Managing Linens for Your Medical Office

Managing Linens for Your Medical Office | by AJ Durtschi

Linens in any field are mostly seen as little more than a commodity, with some businesses simply choosing the cheapest option and moving on. Customers pay attention to their comfort as well as the details though, and even the simplest of items in your office can have a resounding impact on your brand and business.

Linens for your medical or dental office are no different, and even though cleanliness is an even bigger requirement in the medical field, the same method of selection often applies. Whether your medical linens are for the people you care for in your dental practice or for people at your medical clinic, choosing them and how they are cared for must have high priority.

Following are six questions you should ask when choosing and caring for your medical linens.

  1. Do you provide clean uniforms? Medical facilities, hospitals, and day surgery facilities should daily provide employees with clean uniforms and prohibit employees and office personnel from wearing them in public or taking them home. Here is a good reason why.

  2. Do your linens play a role in reducing infections? Copper is an essential element in our body, and it also has become a popular element found in hospital and medical linens. Copper is known for its antimicrobial properties, and medical facilities like Sentara Albermarie Medical Center are now debuting new linens and patient gowns that are infused with copper. Sure these copper-infused linens are more expensive, but Sentara Albermarie’s goal of significantly reducing patient infections is what they are committed to achieving.
  3. Are you managing medical linen loss? Nearly 90 percent of all lines used, like scrubs, blankets, and towels, seldom reach their economic life potential due to a phenomenon referred to as “linen loss.” Medical linens are wasted in one of three ways: employee loss, patient loss, or improper disposal of linens. The best way that medical facilities and hospitals can plug this multi-million dollar loss is to work directly with their linen provider and perform an ongoing linen audit. A linen audit can help identify the linen soil factor and conduct a trash audit to determine the extent of the problem. There are other solutions I’ve outlined here.
  4. How are you managing standards and clean linens? Just ask UPMC Presbyterian Hospital in Pittsburgh about linen care and cleaning, handling of linens, transportation of linens, and storage and use of linens. It is believed a mold outbreak contributed to the death of five patients who contracted fungal-related infections. Click here to see video and more of this story. Here is my take on what can be done to ensure the highest standards when it comes to cleaning, delivery, handling, and storage of linens.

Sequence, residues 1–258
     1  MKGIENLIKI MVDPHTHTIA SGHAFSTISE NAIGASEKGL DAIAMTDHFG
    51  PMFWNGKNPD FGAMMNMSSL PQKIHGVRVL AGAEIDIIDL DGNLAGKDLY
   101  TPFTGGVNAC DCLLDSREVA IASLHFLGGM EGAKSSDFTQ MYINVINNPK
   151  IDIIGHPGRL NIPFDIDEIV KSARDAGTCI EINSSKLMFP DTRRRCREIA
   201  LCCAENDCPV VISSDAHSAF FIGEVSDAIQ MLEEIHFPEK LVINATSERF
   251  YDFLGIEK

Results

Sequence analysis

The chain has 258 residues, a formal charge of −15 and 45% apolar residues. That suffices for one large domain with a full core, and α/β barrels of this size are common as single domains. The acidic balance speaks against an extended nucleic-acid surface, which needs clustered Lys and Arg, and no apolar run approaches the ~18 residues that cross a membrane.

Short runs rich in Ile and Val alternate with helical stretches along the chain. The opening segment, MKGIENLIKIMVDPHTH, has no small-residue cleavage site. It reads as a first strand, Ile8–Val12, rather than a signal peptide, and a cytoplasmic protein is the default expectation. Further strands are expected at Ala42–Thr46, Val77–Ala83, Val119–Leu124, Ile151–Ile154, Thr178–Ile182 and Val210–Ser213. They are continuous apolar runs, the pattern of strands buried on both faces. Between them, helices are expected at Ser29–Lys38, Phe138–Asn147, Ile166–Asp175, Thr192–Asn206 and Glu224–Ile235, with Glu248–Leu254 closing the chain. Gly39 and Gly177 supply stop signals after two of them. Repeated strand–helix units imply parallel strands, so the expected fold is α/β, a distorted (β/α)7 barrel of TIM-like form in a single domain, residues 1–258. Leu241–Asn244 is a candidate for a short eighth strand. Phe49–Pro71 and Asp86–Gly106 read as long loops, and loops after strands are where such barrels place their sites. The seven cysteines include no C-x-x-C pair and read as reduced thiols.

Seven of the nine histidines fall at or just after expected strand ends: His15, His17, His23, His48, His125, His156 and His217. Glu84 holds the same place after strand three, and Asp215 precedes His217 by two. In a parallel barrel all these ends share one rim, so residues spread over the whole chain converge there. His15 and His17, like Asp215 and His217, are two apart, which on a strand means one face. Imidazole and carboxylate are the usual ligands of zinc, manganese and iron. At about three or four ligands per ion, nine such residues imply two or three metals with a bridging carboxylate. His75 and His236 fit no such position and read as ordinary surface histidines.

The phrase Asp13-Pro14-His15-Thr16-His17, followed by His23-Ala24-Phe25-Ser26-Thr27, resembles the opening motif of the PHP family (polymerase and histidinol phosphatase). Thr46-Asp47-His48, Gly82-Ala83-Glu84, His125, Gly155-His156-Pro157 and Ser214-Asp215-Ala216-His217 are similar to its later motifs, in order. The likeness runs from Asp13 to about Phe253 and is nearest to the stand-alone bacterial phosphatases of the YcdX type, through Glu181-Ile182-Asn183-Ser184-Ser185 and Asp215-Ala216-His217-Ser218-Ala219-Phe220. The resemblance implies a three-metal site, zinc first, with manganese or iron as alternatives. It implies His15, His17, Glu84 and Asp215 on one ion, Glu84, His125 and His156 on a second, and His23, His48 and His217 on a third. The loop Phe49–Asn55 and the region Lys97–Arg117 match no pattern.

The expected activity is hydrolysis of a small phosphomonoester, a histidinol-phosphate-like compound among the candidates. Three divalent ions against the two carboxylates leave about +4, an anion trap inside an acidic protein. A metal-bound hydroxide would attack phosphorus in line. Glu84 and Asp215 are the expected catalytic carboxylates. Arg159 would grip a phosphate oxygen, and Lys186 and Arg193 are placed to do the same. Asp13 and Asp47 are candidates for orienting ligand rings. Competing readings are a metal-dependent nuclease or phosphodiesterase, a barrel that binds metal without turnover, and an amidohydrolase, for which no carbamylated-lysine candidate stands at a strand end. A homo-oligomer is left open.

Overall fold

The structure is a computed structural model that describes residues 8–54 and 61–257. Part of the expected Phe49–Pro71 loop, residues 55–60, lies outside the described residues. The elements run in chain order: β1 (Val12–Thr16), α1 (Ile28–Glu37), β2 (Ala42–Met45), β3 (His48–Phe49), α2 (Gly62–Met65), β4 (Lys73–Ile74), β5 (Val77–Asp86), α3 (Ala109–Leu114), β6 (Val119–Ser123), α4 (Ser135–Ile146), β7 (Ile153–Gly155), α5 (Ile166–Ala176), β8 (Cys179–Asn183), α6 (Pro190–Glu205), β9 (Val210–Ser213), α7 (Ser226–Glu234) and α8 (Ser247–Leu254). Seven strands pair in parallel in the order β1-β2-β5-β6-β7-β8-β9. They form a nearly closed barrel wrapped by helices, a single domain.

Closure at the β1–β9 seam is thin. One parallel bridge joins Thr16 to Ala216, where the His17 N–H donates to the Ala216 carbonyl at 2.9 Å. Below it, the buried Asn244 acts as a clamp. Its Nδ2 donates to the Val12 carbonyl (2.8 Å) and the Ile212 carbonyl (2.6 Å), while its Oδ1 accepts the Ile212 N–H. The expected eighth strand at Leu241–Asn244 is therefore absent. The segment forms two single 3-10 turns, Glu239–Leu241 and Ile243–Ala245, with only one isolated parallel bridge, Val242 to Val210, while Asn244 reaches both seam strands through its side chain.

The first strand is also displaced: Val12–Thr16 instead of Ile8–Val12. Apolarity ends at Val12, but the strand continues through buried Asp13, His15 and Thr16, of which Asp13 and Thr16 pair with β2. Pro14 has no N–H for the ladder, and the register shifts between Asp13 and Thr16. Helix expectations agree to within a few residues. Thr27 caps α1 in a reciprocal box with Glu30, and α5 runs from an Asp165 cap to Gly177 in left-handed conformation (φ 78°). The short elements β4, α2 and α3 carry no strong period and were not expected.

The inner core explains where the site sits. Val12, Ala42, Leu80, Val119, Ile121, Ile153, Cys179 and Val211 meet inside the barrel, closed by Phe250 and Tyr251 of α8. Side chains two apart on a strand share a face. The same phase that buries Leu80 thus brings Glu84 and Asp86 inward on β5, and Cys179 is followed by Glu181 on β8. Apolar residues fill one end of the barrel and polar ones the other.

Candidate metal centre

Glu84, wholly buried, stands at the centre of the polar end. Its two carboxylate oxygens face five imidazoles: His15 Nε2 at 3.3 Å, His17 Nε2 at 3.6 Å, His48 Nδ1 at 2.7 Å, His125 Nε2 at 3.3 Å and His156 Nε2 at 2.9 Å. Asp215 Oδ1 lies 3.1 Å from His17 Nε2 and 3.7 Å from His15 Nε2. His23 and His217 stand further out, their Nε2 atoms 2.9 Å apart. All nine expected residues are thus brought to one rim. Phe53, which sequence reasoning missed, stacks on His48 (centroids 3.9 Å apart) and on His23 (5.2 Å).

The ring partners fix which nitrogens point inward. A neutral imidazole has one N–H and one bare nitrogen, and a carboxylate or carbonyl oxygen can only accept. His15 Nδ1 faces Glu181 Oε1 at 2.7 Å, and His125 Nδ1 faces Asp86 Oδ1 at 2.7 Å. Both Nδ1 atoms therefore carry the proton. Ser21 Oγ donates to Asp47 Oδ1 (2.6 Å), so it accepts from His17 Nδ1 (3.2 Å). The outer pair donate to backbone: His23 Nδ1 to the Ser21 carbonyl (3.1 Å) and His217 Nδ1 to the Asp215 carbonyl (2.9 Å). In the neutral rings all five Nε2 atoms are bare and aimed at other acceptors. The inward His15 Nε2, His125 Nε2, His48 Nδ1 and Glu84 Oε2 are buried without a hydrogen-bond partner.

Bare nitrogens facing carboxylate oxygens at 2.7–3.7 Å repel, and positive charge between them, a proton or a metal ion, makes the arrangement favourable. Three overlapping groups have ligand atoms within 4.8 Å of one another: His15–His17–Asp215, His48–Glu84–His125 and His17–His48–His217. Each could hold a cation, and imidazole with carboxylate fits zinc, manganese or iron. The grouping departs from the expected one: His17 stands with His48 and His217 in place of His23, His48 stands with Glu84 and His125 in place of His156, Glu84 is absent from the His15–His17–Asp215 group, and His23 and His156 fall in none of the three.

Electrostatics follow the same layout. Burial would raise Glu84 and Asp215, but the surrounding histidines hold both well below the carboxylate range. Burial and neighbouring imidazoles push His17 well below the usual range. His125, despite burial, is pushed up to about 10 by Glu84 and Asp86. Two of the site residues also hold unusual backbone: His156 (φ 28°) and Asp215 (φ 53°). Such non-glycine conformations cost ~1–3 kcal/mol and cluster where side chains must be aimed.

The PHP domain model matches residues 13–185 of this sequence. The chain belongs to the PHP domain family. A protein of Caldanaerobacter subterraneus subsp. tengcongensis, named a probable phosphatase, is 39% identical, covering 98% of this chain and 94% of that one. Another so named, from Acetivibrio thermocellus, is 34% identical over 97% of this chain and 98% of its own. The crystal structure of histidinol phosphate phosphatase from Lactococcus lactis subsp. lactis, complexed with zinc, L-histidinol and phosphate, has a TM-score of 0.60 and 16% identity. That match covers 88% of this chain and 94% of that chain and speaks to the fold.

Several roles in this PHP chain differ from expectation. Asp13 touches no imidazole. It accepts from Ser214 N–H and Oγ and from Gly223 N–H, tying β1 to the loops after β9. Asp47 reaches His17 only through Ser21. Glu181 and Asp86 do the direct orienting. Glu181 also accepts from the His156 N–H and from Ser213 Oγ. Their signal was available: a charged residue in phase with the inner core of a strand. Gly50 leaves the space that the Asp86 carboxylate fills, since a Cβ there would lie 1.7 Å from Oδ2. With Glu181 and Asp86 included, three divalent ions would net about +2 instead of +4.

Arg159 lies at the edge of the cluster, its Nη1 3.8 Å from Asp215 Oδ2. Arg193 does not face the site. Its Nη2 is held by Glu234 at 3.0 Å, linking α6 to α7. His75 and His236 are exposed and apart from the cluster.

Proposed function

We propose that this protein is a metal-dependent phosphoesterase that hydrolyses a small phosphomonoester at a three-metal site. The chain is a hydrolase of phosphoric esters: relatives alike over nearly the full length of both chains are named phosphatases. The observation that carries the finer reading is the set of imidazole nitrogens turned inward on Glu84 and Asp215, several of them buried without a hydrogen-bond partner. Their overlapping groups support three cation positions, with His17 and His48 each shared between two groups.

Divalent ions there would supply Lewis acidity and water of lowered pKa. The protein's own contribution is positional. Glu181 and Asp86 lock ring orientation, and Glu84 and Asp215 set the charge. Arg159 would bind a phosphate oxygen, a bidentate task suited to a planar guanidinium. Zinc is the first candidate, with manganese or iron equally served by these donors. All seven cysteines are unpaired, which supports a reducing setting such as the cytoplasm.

5. What are you doing to reduce lint? Airborne dust or lint entering surgical wounds can often lead to health complications. Data reveals the necessity more than ever for the medical industry to begin taking steps to reduce lint. Lint that according to the Advanced Healthcare Network for Nurses says contains toxic glues, adhesives, and fire resistant agents that may attach itself to body tissues and cause other damaging physiological effects.
  6. Does your professional linen service like Austin Linen Service help in the effort of reducing complications? Working with a professional linen service focused on the highest standards when it comes to cleaning, handling, delivery, and storage is essential for a successful linen strategy.

If you are looking for medical linens for your practice, Austin Linen Service would like to earn your business. Let’s start by understanding your needs and then we can provide you with a plan.

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  1. […] Medical linen loss in hospitals and medical facilities across Texas and the country is widespread and expensive. Nearly 90 percent of all linens used like towels, scrubs, and blankets don’t reach their economic life potential thereby costing the healthcare industry more than $840 million a year. This phenomenon is called “linen loss.” […]

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